Tag Archives: Swedish English translation

The Full Monty? The tribulations of translating film titles

Do you remember The Full Monty, that wonderful 1997 British comedy about the six unemployed Sheffield steel workers who became male strippers? Here in Sweden it was called Allt eller inget.

The original title is quite impossible to translate. “The full Monty” is an expression means going the whole way, giving it everything you’ve got. The works. The full nine yards.

Nobody quite knows where  the expression comes from. Perhaps from Field Marshal Montgomery who enjoyed enormous breakfasts with all the trimmings? Perhaps from a tailor called Montague Burton who sewed suits for men leaving the army and gave his all to the ask?

It was hilarious to read that when it was released in China it was called Six naked pigs!

Rather a lot got lost in translation!

I discovered this interesting fact from this list of the 50 funniest movie titles


There are some other real gems:

I’m drunk and you’re a prostitute. (Leaving Las Vegas – Japan)
It’s raining falafel (It’s raining meatballs – Israel)
Urban Neurotic (Annie Hall – Germany and Austria)
The teeth from the sea (Jaws – France). That makes it sound the story of someone who’s lost their false teeth while having a dip.

There are lots of  rather amusing lists of poorly translated film titles out there on the internet.

But translating film and book titles is no enviable task for the poor translator. The new title has not only got to be accurate but also sound right in the new language. It also needs to appeal to the potential audience. You Swedes for some reason love film titles which include the word “dangerous”.

Polyglots can hours of fun looking through the “Also known as” section in IMDB. Here is what happened to Jaws


The Swedish title of the first Millenium novel, Män som hatar kvinnor (Men who hate women) would, I suspect, never have been as internationally successful as The girl with the dragon tattoo. The original sounds like a newspaper headline, the latter suggestive and interesting.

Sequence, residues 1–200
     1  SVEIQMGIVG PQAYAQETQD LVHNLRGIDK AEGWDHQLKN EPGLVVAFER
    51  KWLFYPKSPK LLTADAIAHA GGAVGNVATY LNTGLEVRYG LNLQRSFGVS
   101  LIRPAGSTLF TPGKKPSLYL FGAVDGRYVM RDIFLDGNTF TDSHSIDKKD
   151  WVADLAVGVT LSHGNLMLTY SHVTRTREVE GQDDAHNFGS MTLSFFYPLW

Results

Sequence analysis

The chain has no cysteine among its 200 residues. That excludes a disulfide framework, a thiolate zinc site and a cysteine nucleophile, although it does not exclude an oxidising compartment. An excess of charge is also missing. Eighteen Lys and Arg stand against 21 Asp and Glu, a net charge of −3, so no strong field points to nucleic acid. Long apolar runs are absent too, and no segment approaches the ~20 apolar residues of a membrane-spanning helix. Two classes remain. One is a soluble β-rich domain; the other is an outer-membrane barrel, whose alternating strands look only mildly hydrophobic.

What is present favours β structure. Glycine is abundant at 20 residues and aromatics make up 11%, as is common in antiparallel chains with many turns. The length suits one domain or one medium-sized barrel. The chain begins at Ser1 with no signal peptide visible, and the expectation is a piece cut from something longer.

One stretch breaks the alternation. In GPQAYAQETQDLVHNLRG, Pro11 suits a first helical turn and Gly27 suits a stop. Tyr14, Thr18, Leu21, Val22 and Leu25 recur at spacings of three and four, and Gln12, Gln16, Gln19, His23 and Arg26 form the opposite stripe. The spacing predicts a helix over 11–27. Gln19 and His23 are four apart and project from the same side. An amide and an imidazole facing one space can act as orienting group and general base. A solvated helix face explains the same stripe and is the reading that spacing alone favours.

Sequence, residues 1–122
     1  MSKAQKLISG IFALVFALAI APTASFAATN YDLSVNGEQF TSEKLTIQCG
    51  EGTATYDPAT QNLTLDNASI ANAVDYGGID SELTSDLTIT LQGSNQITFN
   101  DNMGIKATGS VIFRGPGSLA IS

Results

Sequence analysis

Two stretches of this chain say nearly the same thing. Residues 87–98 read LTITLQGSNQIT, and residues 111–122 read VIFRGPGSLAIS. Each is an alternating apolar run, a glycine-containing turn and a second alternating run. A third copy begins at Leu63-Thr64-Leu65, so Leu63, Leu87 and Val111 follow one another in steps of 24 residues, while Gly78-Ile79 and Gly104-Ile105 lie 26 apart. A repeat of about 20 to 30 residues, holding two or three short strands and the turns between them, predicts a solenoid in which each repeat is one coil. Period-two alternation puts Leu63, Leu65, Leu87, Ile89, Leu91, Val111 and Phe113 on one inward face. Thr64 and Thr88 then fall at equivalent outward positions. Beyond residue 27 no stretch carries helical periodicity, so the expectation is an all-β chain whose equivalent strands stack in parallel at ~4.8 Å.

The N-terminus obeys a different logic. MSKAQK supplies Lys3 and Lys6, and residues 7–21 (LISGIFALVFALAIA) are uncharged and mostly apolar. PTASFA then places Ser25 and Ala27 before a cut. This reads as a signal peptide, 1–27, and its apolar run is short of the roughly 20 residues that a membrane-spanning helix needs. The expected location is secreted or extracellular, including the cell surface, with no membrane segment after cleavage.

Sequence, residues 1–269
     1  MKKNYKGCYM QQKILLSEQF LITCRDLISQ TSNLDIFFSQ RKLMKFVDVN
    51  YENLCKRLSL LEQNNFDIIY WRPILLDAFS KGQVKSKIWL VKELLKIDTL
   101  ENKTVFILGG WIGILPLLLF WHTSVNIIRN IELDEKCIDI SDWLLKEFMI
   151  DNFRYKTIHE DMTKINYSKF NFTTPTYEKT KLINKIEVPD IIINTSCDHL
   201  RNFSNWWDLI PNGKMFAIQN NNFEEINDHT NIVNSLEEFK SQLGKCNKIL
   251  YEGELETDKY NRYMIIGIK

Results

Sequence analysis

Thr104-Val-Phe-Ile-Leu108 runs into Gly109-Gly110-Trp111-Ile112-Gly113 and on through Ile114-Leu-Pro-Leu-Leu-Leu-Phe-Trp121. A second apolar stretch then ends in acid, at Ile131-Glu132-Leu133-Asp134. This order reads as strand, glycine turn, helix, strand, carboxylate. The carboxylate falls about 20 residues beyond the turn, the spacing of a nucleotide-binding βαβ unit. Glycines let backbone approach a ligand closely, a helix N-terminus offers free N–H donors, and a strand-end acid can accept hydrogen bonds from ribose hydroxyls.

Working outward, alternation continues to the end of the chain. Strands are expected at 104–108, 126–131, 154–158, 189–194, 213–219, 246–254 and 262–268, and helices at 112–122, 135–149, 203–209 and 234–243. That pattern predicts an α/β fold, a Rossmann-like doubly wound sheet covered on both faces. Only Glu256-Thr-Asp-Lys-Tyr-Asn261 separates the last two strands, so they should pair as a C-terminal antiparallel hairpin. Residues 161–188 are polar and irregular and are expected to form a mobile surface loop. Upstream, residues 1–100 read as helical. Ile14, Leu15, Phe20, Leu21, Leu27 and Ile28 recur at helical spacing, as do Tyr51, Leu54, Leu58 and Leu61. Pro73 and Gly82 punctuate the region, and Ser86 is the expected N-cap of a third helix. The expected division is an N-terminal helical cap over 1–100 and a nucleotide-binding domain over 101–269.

There’s a new comedy out here about a Finnish man who desperately wants to be Swedish: Hallonbåtsflyktingen. It seems that the English title will be The Raspberry Boat Refugee. Not a bad title. It’s accurate and makes you curious. What it can’t possibly do is let you know that the raspberry boats are a kind of sweet associated in many people’s mind with the ferries between Sweden and Finland. Put the word sweet into the title and it just doesn’t work so well.

Titles that involve a pun are a real pig. The importance of being Earnest was Oscar Wilde sticking his tongue at the over-seriousness of his contemporaries. At the time there were many tracts and pamphlets urging moral behavior.

There are some stinkers of course, but also those times when you think the translator got it just right.

I rather like “Indigo Blue” for Michel “Eternal Sunshine of the Spotless Mind” Gondry’s adaptation of Boris Vian’s novel “L’épume des jours,” It’s the title of a Duke Ellington tune which features significantly in the film. “The froth of days”, the literal translation, would just not have got bums on seats.

Working with translation yourself, makes you realise,  just how difficult this sort of thing is.

So,  Six Naked Pigs? No,  I don’t think so!